Season’s greetings to all. Here is a brief review of 2019 that, in the end, turned out to be not so brief. The new year is fraught with the prospect of yet another upcoming spell behind bars, for singing songs. More on that later…
Peter Coulson, presiding judge at yesterday’s High Court hearing, when relying on the Crown’s citation of authorities from the 2012 Twitter joke trial (R vs Chambers), stated wrongly that, unlike YouTube videos that are available for to everyone to see, it was necessary to be registered with Twitter to see tweets. The ruling also states, also wrongly in my view, that – as with a tweet – my videos were “immediately streamed” as a result of anyone accessing them.
Also sitting, Bobbie Cheema-Grubb, admonished my barrister, Adrian Davies, for his analogy – coherent in my view – that the ‘sending’ of a message to an inanimate object, as in to a server in California, fails to come under the legislation of S. 127.
Whilst Cheema-Chubb noted that it was unhelpful to compare old forms of communication with the Internet, she appeared not to take into consideration the fact that legislation contained within S. 127 has a history dating back decades, first for ‘offensive, menacing or threatening’ letters and then for similarly abusive phone calls.
Final business of the day was an agreement between both sides, in court, that my costs were to be covered by the tax payer: a pretty clear admission that this entire farce has been a huge waste of precious court time and of public resources.
Commitment and sacrifice are the same thing. Committing oneself to the revisionist cause is perforce a self-sacrificial act, especially in countries where expression of doubt or non-belief of proven lies is unlawful. In the UK, however, revisionism is not unlawful, despite wishful thinking on the part of many of my accusers.
To recapitulate: militant Zionist NGO, Campaign Against Antisemitism, CAA, brought a private prosecution against me for a video I had originally uploaded outside English jurisdiction. After taking over and discontinuing CAA’s private prosecution, the Crown Prosecution Service, CPS, then brought two pairs of charges against me for a video containing two of my songs, (((Survivors))) and Nemo’s Antisemitic Universe in a video of a live performance of my show, Tell Me More Lies, originally uploaded to the London Forum YouTube channel, September 2016. A third charge was added for a third song, I Like the Story as it is – SATIRE, in 2017.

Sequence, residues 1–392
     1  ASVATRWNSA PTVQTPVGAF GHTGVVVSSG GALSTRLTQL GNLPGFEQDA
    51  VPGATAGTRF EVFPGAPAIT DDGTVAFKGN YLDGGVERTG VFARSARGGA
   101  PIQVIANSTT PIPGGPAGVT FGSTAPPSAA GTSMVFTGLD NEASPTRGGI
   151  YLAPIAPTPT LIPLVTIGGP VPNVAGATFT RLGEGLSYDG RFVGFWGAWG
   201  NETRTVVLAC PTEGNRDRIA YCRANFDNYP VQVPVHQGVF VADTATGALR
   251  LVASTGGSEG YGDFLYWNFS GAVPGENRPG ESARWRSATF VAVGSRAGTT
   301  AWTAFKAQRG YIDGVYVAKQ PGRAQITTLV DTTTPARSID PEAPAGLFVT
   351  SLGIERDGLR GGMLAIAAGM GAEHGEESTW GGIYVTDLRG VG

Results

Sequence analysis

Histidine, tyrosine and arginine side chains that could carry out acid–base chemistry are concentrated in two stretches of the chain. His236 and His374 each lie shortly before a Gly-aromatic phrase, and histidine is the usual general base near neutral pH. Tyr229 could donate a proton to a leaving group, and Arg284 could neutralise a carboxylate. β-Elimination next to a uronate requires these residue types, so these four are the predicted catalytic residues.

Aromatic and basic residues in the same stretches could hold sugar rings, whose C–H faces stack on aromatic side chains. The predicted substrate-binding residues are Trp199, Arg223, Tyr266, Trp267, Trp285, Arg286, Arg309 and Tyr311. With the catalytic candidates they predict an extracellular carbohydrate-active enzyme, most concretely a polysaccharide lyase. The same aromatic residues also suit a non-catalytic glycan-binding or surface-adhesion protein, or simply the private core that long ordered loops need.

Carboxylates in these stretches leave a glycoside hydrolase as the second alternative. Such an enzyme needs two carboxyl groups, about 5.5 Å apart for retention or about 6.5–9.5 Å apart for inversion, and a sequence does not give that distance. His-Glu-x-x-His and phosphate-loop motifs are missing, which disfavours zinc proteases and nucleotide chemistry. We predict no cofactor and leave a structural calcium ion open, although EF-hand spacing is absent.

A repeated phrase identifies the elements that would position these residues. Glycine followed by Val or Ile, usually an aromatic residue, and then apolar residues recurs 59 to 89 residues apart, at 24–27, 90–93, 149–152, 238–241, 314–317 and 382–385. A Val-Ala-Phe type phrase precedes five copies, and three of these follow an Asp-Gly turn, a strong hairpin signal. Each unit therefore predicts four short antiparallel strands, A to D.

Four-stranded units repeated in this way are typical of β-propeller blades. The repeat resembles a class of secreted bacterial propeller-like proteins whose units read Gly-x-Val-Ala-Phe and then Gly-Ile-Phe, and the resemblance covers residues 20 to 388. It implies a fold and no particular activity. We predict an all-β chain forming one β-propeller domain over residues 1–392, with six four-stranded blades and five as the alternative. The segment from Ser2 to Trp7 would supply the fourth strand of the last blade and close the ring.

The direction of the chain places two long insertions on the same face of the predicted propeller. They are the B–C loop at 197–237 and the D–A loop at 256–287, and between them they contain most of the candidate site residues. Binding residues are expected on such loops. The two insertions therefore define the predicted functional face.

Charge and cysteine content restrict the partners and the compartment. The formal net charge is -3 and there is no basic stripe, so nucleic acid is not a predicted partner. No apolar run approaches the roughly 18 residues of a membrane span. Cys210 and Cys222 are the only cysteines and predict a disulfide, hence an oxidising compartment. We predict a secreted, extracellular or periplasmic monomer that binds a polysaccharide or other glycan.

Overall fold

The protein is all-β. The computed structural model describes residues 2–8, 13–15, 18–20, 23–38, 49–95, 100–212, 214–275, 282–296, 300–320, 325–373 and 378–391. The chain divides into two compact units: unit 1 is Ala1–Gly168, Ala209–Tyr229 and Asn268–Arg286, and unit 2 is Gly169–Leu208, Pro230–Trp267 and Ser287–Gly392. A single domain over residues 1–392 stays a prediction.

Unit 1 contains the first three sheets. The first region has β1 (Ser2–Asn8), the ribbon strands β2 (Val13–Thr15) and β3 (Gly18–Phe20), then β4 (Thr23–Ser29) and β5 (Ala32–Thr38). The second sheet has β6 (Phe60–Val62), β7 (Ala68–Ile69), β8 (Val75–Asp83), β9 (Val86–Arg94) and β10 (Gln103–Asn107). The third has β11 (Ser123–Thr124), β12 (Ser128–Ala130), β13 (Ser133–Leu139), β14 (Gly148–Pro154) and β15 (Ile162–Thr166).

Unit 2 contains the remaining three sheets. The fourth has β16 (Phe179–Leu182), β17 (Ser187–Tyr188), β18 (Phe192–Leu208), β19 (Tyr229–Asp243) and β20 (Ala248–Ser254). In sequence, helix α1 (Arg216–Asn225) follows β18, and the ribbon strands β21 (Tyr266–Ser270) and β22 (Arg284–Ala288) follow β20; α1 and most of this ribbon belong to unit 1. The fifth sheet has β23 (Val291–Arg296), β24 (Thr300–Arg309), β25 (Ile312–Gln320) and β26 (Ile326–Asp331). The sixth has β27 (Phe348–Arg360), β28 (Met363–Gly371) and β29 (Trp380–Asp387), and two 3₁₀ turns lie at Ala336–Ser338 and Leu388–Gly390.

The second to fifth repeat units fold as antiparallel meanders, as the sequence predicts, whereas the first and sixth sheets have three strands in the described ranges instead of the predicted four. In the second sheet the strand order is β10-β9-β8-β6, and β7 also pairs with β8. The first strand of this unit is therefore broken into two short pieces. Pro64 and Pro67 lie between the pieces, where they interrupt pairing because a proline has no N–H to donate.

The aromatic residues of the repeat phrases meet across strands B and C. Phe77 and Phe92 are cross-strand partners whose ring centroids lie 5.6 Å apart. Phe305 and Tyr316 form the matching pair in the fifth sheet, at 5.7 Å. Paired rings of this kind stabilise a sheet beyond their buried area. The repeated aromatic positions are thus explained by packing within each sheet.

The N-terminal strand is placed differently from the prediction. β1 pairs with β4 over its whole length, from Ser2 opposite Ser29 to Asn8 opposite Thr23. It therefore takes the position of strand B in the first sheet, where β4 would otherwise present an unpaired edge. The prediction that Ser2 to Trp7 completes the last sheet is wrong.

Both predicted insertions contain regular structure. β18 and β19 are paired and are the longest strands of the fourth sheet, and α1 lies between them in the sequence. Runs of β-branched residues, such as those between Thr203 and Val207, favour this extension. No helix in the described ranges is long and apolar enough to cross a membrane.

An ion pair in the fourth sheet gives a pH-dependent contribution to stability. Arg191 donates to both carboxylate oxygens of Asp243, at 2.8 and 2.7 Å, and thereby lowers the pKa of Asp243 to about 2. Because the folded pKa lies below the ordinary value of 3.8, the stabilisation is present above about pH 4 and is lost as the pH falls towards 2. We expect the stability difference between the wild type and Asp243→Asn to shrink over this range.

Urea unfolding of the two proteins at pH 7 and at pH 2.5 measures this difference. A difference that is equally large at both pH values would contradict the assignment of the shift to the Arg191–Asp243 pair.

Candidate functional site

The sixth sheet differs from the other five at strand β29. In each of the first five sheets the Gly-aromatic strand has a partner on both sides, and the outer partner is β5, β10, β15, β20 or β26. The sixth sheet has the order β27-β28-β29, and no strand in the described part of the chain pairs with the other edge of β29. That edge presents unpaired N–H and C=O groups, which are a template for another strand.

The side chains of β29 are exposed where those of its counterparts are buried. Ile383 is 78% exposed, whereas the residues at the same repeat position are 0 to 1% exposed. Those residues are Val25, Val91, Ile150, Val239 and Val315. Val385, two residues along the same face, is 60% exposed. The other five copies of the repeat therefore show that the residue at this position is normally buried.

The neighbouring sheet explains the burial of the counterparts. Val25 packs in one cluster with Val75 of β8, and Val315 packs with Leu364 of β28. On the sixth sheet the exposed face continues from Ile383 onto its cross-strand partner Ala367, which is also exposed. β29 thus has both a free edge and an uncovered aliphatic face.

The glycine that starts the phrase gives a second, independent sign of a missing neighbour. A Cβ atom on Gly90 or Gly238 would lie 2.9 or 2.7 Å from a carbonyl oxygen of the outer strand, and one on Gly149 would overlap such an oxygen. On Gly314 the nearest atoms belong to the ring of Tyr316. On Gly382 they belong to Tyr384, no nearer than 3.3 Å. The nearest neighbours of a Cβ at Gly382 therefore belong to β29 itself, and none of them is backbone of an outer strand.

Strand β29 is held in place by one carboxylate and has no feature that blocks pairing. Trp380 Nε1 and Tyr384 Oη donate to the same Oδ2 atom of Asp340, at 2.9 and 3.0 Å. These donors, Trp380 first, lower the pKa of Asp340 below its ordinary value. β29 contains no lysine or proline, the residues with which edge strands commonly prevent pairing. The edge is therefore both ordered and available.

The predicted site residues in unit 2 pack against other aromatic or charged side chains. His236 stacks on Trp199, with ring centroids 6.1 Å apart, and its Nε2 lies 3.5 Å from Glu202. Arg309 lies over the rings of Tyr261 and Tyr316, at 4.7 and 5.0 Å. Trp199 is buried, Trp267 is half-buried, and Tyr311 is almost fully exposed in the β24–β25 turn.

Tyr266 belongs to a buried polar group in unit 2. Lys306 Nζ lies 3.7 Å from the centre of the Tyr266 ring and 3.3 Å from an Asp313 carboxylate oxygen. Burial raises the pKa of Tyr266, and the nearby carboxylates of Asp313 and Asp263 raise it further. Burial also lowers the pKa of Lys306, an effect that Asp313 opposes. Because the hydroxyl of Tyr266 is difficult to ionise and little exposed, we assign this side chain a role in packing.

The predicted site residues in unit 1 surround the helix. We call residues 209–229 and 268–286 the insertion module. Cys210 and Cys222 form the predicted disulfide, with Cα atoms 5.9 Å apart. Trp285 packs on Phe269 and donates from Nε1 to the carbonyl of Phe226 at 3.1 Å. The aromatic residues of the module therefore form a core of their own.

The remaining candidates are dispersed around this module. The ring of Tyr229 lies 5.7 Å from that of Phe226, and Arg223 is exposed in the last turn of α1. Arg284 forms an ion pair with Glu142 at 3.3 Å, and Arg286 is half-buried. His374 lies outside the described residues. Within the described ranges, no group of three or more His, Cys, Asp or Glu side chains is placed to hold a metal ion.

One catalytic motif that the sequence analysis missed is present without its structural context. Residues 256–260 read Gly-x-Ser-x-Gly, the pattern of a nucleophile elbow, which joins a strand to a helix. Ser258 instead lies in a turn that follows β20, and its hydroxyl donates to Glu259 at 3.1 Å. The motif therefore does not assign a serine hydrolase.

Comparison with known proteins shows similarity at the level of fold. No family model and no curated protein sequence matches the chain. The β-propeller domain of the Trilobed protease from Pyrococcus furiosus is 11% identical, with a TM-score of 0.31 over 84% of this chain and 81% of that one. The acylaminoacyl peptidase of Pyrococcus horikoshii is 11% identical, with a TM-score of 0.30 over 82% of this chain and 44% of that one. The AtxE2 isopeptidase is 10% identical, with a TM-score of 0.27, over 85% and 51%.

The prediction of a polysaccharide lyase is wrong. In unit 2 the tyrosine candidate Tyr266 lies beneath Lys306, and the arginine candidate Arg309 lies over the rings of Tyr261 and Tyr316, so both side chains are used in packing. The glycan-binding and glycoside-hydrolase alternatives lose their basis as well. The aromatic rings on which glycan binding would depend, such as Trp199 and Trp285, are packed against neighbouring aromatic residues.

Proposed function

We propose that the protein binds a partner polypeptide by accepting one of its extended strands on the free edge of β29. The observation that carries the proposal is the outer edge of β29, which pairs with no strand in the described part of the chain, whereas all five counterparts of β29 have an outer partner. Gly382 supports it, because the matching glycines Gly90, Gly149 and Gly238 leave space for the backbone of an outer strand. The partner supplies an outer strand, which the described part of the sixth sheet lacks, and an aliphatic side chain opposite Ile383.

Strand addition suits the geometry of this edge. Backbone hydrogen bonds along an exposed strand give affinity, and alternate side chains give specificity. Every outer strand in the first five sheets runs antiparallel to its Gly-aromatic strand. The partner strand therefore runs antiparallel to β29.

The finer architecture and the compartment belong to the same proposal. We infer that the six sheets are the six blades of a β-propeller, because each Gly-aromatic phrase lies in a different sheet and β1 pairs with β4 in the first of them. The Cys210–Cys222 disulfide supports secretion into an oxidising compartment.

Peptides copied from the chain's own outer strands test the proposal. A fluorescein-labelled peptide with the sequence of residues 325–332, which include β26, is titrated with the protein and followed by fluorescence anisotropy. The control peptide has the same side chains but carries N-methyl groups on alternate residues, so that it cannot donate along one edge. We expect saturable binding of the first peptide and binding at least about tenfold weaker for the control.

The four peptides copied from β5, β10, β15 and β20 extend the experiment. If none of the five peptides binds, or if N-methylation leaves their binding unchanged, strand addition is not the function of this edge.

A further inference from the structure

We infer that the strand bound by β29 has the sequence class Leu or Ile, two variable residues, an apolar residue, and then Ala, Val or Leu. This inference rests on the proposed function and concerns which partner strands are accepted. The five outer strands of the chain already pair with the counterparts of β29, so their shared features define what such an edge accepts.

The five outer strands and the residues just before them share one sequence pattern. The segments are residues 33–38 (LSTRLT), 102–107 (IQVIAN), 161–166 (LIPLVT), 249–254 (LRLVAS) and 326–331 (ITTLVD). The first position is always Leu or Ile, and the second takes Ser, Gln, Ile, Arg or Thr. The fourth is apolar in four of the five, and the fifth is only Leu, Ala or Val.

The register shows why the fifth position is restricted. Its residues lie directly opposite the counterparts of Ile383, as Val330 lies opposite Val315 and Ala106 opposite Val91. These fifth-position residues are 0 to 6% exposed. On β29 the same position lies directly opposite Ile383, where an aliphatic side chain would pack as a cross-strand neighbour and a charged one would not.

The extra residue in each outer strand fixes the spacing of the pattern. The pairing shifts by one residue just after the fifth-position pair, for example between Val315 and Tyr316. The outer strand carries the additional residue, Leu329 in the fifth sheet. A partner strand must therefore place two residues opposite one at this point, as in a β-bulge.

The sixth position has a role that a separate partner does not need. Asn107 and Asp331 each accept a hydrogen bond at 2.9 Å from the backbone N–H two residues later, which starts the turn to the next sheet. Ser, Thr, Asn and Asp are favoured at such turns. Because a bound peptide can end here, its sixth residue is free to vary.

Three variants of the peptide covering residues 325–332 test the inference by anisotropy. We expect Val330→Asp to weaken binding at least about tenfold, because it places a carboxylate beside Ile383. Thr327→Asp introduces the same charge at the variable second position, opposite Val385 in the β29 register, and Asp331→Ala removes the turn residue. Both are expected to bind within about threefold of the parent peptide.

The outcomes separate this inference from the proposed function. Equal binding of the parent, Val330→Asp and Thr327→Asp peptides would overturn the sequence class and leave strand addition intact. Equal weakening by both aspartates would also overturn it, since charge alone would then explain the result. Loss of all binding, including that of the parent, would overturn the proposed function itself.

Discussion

For those less inclined to wade through pages of text and case law quotations, certain paragraphs have been selected and reproduced below, with emphasis added.
A meagre yet nonetheless revealing Subject Access Request (SAR) has finally arrived from Derbyshire Constabulary. The most important revelations are as follows:
Reports against me all were made to local forces outside Derbyshire. In simple terms, therefore, I am being forced to carry out Serf Labour as “payback” to a community that has no complaint against me. Indeed, there exists (thankfully) not a single synagogue within the entire county.
The SAR confirms (finally) that I did indeed deliver more anonymous post (including another, unopened “greetings card”) to Glossop police station shortly before I was first arrested November 2016. The officer in charge at the time had expressly asked me not to open any more of these greetings cards before handing them over to police. Why wasn’t this unopened card sent for DNA testing? Why was this case only partially investigated and why was this new evidence not taken into account? Why was I suddenly informed that the investigation had been dropped a week before I was the one being arrested for alleged harassment of the suspected sender and why was this person never interviewed by local police? – The SAR states categorically that my reports concerning this particular individual span a period of over 28 months.
The SAR also contains a short report of the interview I gave to police after my first above-cited arrest. Why did the CPS Counter Terrorism Unit prosecution barrister, Karen Robinson, then claim in court March 2018 that a second interview I gave in October 2017 was the first time I had ever been interviewed by police about my songs? What happened to the process of full disclosure?
A number of reports from the usual suspects are vaguely alluded to, one of which accuses me of “selling a CD” of my songs! It appears that Derbyshire police weren’t too fond of the idea of having me re-arrested for alleged breach of my bail conditions throughout most of 2017, despite reports coming thick and fast. Perhaps that’s why the Met was sent to do the dirty work outside court, October 2017, resulting in two nights in the cells and then bizarrely, according to the SAR, two days later “all charges dropped” by my own local force?
In a High Court ruling this week, Campaign Against Antisemitism (CAA) lost a judicial review attempting to force the Crown Prosecution Service (CPS) to prosecute a pro-Palestinian leader, Nazim Ali, for a speech given by Ali after the Grenfell Tower fire. Possibly a determining factor in the outcome of my appeal next month, the full ruling can be read here.
For the fifth time in 12 months, I walked free from court again yesterday – this time in a breach trial brought against me by the National Probation Service (NPS) for refusing to comply with the slave labour part of my Suspended Sentence Order.
First off, a brief explanation is necessary regards the difference between a Community Order (CO) and a Suspended Sentence Order (SSO). As one District Judge commented in a research paper published in 2008:
‘Well, prison is an ever-present part of one isn’t it [the SSO], but not of the other, and that’s the difference in a nutshell. There’s a real threat. As I see it, a Community Order is – look, we’re trying to help you – and anything to do with imprisonment is – look, we’re trying to threaten you.’